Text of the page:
The conversation on psychedelics around the world continues to evolve, with more and more emerging clinical data highlighting their potential to treat mental health disorders. Last year’s developments – see our previous blog post here – led us to anticipate an upcoming change but yet the legal landscape remains unchanged.

In the UK, the independent Parliamentary Office of Science and Technology (POST), which is one of the first independent bodies of its kind in the world that sources independent analysis of public policy issues relating to science and tech for government, has issued another rapid response on psychedelic-assisted therapy for post traumatic stress disorder (PTSD). POST in the past has also published briefings focussed on the use of psychedelics to treat depressive disordersanxiety disorders and eating disorders. The response is intended to inform policymakers on the topic as increasing research around psychedelics shows the compounds may hold promise as innovative treatments in the area of mental health. These POST responses will be followed by a POST note that will summarise the headline research findings and outline the main policy issues, including how the national legislative framework on controlled drugs impacts researchers’ ability to carry out studies, with reference to international legislative approaches. It will also explore public attitudes to using these drugs therapeutically. Despite the increased activity in this area, and the push of advocacy groups for a change in legislation, the current government had not progressed any proposals to review or change the status of psychedelics and we now await the approach of a new government to be formed on 5 July.

In the EU, the European Medicines Agency (EMA) held its planned multi-stakeholder workshop on psychedelics last month, contemplating an EU regulatory framework, covering clinical trial design, setting research potential implications for future approval, challenges with health technology assessment post approval, and considering the Australian and American perspectives. That the event was held indicates a willingness and openness to discuss the EMA’s current approach to regulating these drugs and a willingness to issue further the regulatory challenges associated with the development and evaluation of psychedelics and to issue further regulatory guidance where required. Despite an increased level of interest in this area, there are no announcements or proposals for a change in legislation at an EU level as of yet.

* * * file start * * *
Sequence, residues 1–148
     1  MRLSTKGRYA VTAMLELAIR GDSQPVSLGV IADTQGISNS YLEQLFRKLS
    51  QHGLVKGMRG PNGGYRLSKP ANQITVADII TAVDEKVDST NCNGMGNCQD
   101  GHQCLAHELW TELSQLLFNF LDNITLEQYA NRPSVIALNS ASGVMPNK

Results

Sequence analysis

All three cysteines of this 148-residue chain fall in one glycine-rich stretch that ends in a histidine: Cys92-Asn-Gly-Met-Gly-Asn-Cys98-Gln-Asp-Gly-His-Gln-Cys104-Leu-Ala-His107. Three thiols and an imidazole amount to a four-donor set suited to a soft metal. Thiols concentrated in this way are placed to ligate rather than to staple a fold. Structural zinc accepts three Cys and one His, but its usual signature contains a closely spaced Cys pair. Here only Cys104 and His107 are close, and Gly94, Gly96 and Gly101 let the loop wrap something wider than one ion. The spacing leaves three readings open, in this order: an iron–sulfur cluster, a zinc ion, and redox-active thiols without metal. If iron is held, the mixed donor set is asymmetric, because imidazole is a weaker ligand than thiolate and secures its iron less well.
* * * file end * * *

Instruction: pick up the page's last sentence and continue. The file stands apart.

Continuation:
The US continues to be the most proactive and innovative market in this area. Almost a year after the issuance of its guidance on “Psychedelic Drugs: Considerations for Clinical Investigations” in June 2023, FDA granted breakthrough therapy designation to an LSD-based treatment for Generalized Anxiety Disorder (GAD). The drug, a form of LSD (lysergide d-tartrate) designated as MM120, is being developed by biopharma company MindMed as a treatment for GAD, a condition characterized by persistent and severe worry about aspects of day-to-day life.  However, on June 4, an FDA Psychopharmacologic Drugs Advisory Committee (PDAC) concluded the clinical trial data provided by Lykos Therapeutics were not enough to show that MDMA-assisted psychotherapy was effective and safe to treat PTSD.  FDA advisory committees make non-binding recommendations to the FDA, which generally follows the recommendations but is not legally bound to do so.  The FDA’s approval decision is expected by the Prescription Drug User Fee Act (PDUFA), with a target action date of August 11, 2024.

Regulators thus continue to move at different paces in the various markets. However, what is yet to be seen is a more holistic scientific and regulatory framework for psychedelic research and treatment approval.

We continue to monitor this space and will report on future updates.

For further information, please contact Xin Tao, Julia Gillert or Elina Angeloudi.


Xin Tao is a member of Baker McKenzie's North America Steering Committee for Healthcare & Life Sciences, and currently heads our US Food and Drug Law Practice.


Julia Gillert is Of Counsel at Baker McKenzie's London office, and has shaped her practice to focus exclusively on regulatory matters affecting the Healthcare & Life Sciences industry.


Elina Angeloudi is an associate at Baker McKenzie's London office and specialises in regulatory advice to pharmaceutical and medical devices companies.